KNOXVILLE, Tenn. (AP) — Tennessee’s whirlwind search for a new coach ended Friday with the Volunteers hiring Derek Dooley of Louisiana Tech.
Like his predecessor — Lane Kiffin — he comes with a short head coaching resume.
The son of former Georgia coach Vince Dooley, Derek Dooley went 17-20 in three seasons at Louisiana Tech and was the only coach in major college football to also serve as his school’s athletic director. He holds a law degree and previously worked for several years under Nick Saban at LSU and with the Miami Dolphins, including as a recruiter for the Tigers.
“Derek is one of the bright young coaches in America. He understands our league and the competitive environment in which we compete,” Tennessee athletic director Mike Hamilton said. “He took a very difficult first head coaching job and has made significant strides there in a short period of time.
“He is incredibly bright, a tireless recruiter and excellent on-the-field coach.”
Tennessee planned a Friday evening news conference at Neyland Stadium’s Peyton Manning Locker Room to introduce Dooley, who has an 8-year-old son named Peyton.
“Louisiana Tech University and the Ruston community will always hold a special place in my heart,” Dooley said in a statement Friday. “The foundation for success has been established and a bright future lies ahead for the university and the athletics program.”
The Volunteers hired him just days after Kiffin abruptly quit, bolting to Southern California only 14 months into his tenure with the Vols. Dooley was hired from a list of candidates that was believed to include Texas defensive coordinator Will Muschamp, Air Force coach Troy Calhoun, Duke coach David Cutcliffe and Utah coach Kyle Whittingham.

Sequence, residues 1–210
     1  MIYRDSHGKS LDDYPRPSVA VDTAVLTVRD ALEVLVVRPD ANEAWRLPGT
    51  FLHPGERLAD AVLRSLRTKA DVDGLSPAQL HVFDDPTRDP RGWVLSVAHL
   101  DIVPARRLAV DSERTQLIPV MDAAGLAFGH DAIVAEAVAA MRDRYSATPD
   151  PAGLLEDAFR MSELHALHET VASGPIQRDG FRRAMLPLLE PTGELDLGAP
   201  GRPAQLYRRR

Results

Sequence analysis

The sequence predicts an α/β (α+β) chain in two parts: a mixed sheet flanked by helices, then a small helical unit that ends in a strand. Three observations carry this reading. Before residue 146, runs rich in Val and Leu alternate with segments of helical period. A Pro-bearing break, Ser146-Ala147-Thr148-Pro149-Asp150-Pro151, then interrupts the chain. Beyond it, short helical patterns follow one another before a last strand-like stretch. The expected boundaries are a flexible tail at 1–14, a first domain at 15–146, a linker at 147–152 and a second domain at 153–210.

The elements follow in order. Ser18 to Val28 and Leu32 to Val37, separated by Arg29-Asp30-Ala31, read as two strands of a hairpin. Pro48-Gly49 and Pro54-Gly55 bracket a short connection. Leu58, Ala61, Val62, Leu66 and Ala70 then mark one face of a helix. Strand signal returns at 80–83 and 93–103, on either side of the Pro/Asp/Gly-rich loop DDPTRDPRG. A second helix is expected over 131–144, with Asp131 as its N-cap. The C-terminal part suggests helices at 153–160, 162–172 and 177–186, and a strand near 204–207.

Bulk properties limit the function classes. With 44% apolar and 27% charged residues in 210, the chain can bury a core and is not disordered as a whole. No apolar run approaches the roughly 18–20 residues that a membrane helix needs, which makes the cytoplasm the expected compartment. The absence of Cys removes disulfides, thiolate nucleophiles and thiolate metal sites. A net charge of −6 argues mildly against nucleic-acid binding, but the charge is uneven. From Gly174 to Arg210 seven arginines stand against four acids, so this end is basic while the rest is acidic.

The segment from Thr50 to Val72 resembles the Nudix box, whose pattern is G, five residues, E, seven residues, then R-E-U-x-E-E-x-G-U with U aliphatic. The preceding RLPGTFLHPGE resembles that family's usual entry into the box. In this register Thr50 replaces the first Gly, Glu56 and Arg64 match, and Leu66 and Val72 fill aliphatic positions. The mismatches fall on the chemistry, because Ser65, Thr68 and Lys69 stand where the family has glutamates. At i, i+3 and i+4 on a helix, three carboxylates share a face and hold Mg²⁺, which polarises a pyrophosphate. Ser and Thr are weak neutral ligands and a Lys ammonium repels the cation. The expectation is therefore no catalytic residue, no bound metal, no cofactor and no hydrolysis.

Aside from his pedigree, Tennessee’s attraction to the 41-year-old Dooley includes the time he spent working as an assistant and recruiter for Saban. Still, his limited head coaching experience makes him — like Kiffin, whose only head coaching stint prior to Tennessee was a brief, bad one with the Oakland Raiders — a somewhat risky pick.
Dooley’s uncle, former North Carolina and Virginia Tech coach Bill Dooley, voiced support for his nephew.
“I think he’ll do well anywhere he goes, and at Tennessee, he would do very well,” Bill Dooley said in a phone interview from his home in Wilmington, N.C. “When you get a law degree, it gives you a little notch up. He’s got his feet on the ground. He’s levelheaded.
Dooley’s father, Vince, who coached at rival Georgia from 1964-88 and won the 1980 national title, did not return a call to his cell phone seeking comment.
Derek Dooley worked as LSU’s recruiting coordinator and tight ends coach from 2000 through 2003’s signing day, landing classes rated No. 1 in 2001 and ’03. He coached LSU’s running backs and special teams in 2003-04.
He followed Saban to the Dolphins as tight ends coach in 2005 before leaving for Louisiana Tech in December 2006.
Dooley was a receiver in college at Virginia. After earning his law degree from Georgia, he worked as an attorney for two years before starting his coaching career at Georgia in 1996 as a graduate assistant. He also worked as assistant recruiting coordinator at SMU from 1997-99 until being hired by Saban.
He went to Louisiana Tech in December 2006 as one of the youngest coaches in the Football Bowl Subdivision and added the athletic director title in March 2008.
Dooley led the Bulldogs to their first bowl victory in more than three decades, beating Northern Illinois in the 2008 Independence Bowl.
“We are grateful for the contributions that Derek made to Louisiana Tech Athletics and we wish him luck in his new position,” Louisiana Tech President Dan Reneau said.
AP Sports Writer Joedy McCreary in Durham, N.C., contributed to this story.